As the universe of passive investment dollars grows ever larger, and as the GCC markets are increasingly a part of mainstream Emerging Market indices, several questions loom large for management and IR professionals in the GCC: How do I get to know these investors? How can I communicate with them? How can I share my point of view? What are their expectations? And how can we explain our position and USP if there is a swing in market sentiment or index make-up?
The bad news is that this major shareholder is typically anonymous, impervious to normal communications approaches, and often indifferent to corporate developments or news. The Index is king, and inclusion in the Index is the primary buy, hold or sell factor.
For companies in the GCC markets, this is a relatively new phenomenon. We are used to being able to meet our shareholders; indeed, we are used to our major shareholders being involved in the day to day running of our companies.
With the advent of Emerging Market index inclusion, we must welcome a new and large shareholder: The Passive Index Investor. And we should get used to it.
The global value of passive fund assets has increased massively in recent years, as investors have embraced the low-cost, highly efficient and automated model. Within this universe, EM indices have grown exponentially in importance and scale, along with the asset class. And passive investing has also seen the rise of the mega-managers: Between them the three largest managers (Blackrock, Vanguard, and State Street) run some $14 trillion in passive funds.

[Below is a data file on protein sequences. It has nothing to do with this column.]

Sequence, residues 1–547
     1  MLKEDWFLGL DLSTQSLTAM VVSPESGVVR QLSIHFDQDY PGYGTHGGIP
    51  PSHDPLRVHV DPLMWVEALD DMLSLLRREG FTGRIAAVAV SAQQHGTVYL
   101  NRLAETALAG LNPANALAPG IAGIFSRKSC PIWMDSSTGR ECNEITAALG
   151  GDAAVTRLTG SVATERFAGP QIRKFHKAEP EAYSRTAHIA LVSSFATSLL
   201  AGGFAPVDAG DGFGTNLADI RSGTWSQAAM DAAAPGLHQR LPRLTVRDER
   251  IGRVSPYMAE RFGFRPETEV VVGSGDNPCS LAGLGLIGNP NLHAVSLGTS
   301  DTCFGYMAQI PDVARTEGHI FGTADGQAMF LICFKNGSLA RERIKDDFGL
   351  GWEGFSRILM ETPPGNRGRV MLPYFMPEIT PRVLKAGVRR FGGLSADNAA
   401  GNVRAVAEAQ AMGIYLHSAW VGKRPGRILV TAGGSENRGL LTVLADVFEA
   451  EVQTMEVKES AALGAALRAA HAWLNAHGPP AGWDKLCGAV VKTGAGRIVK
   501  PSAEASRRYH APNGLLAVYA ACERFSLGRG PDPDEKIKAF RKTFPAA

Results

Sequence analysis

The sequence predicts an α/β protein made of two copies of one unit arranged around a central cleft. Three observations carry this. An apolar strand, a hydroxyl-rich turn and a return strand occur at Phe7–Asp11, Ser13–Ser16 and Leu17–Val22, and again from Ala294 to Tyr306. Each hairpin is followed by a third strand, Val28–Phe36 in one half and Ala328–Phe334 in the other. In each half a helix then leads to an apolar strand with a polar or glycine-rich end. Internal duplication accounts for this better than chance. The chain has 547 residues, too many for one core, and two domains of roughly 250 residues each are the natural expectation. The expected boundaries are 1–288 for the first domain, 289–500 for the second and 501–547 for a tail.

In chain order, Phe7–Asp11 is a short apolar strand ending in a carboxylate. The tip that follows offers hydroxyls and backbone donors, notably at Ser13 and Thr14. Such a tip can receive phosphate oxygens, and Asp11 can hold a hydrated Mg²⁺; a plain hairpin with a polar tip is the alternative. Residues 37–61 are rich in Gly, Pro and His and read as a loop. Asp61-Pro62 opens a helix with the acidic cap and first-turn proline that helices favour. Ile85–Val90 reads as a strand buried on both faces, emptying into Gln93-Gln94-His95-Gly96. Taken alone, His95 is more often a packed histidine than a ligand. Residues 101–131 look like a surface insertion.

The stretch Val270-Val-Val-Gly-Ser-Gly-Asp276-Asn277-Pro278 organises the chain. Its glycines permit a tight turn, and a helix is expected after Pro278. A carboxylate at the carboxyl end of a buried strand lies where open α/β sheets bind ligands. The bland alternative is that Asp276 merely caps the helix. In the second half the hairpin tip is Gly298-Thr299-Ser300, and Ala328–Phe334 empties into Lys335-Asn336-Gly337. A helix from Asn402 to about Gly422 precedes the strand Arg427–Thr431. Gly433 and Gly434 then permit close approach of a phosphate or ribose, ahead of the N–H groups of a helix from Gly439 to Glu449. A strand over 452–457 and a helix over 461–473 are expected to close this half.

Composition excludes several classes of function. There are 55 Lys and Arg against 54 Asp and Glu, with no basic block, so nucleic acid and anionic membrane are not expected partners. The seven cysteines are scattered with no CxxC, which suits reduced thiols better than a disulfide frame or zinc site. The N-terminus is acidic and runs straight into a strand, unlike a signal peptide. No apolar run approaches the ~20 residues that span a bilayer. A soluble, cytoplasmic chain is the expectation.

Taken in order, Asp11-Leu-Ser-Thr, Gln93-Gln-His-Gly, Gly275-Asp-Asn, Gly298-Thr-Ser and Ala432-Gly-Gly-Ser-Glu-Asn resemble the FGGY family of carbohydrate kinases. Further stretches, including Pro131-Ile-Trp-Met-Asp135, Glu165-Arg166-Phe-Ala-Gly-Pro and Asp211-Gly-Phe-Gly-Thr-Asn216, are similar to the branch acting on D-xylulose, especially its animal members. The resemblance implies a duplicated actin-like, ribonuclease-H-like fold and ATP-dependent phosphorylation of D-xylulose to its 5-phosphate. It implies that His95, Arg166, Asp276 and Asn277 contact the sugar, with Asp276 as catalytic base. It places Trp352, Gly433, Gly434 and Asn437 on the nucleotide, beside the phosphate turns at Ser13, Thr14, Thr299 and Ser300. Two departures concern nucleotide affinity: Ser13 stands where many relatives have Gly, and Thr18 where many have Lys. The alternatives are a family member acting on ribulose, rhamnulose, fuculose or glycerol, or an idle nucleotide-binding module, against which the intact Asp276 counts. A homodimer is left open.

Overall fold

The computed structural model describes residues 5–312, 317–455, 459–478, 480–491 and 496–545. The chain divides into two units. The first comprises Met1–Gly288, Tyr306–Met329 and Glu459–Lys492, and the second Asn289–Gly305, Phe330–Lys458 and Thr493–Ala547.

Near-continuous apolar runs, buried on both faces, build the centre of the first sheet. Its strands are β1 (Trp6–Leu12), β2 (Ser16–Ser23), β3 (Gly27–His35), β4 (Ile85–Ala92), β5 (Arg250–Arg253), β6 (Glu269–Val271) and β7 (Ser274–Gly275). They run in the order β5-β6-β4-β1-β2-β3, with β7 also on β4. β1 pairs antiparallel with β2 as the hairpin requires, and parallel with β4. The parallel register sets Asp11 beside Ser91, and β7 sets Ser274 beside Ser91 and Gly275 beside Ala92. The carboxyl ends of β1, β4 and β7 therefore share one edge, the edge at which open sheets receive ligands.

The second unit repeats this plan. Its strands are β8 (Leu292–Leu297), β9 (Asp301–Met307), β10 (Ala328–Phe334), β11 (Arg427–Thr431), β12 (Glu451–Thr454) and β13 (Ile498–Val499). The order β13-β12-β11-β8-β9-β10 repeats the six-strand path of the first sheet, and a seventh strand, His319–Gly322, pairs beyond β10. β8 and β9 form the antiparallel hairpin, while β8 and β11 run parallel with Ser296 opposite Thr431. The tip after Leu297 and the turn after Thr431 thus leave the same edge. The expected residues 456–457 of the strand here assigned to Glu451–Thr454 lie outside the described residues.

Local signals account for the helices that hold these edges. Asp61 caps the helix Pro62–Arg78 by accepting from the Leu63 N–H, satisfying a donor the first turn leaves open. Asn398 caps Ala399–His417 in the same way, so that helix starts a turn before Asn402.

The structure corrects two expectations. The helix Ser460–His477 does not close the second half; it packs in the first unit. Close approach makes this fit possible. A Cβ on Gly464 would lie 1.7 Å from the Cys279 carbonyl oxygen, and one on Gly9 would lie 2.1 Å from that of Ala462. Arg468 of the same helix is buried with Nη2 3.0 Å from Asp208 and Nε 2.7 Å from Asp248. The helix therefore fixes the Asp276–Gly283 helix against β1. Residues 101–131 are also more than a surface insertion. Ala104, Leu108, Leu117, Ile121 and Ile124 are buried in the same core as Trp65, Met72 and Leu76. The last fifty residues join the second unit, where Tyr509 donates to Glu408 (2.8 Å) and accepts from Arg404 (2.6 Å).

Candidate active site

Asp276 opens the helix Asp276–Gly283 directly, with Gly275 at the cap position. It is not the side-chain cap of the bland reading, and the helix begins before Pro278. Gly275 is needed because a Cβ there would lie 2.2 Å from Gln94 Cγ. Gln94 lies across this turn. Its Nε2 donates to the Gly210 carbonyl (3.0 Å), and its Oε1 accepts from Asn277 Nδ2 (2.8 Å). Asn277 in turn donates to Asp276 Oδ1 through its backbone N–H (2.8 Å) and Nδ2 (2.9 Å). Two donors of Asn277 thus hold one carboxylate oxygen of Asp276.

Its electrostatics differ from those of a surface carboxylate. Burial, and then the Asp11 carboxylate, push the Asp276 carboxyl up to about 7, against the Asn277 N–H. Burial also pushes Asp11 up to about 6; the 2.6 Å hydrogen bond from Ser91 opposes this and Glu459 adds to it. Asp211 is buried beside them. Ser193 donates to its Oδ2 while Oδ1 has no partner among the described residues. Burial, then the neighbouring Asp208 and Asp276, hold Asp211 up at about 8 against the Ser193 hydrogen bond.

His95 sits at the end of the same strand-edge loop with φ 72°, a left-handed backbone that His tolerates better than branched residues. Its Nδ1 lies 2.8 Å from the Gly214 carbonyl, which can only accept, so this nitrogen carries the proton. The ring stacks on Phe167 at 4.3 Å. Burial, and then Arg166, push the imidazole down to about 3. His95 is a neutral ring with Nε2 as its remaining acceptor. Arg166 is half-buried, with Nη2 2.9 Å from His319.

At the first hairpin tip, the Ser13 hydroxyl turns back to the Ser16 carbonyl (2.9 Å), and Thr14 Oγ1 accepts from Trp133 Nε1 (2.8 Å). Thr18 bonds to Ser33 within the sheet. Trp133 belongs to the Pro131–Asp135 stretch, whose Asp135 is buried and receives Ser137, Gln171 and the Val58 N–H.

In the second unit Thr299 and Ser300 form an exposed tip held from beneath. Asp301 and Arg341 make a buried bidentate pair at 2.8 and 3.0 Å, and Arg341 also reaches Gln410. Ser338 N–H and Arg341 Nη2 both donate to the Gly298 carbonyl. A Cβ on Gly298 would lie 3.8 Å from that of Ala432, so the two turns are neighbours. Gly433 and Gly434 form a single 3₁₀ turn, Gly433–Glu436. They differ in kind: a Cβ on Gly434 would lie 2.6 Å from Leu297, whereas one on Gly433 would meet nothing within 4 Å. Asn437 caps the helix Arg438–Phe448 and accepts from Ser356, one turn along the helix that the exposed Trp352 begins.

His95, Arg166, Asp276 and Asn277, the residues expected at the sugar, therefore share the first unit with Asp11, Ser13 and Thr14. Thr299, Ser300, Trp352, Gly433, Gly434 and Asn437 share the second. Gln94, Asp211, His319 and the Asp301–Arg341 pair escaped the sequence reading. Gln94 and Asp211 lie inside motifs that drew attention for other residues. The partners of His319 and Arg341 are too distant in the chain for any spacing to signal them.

While the bulk of these dollars go into the largest developed markets, Emerging Market Index investors are an important part of this gigantic universe. And within that subset, the GCC is becoming an established element. The challenge for GCC firms is to get to know this new shareholder base – and quickly.
Furthermore, within the passive investment world, things are changing quickly. With greater scale has come greater responsibility, it seems. They have appointed investment stewardship teams. Passive managers now also talk of environmental, social, and governance scorecards.
Blackrock’s Larry Fink, in a January 2018 letter to CEOs, asserted that that they have a duty to: “not only deliver on financial performance, but also show how they make a positive contribution to society”.
The lesson for GCC listed companies is clear: there is now a large, important, and increasingly questioning shareholder, and this requires a thoughtful response. Ignoring this trend is not an option.
Management and IR professionals need to:
In addition to index trackers, IR practitioner need to start quantifying how much exposure their company has to ETFs; and discuss strategies to understand and influence this asset class.
The Passive Investor is not a new phenomenon. But in recent years it has become a major voice and influence on market valuation and sentiment. And it is coming our way. Management should take action now - before someone else does.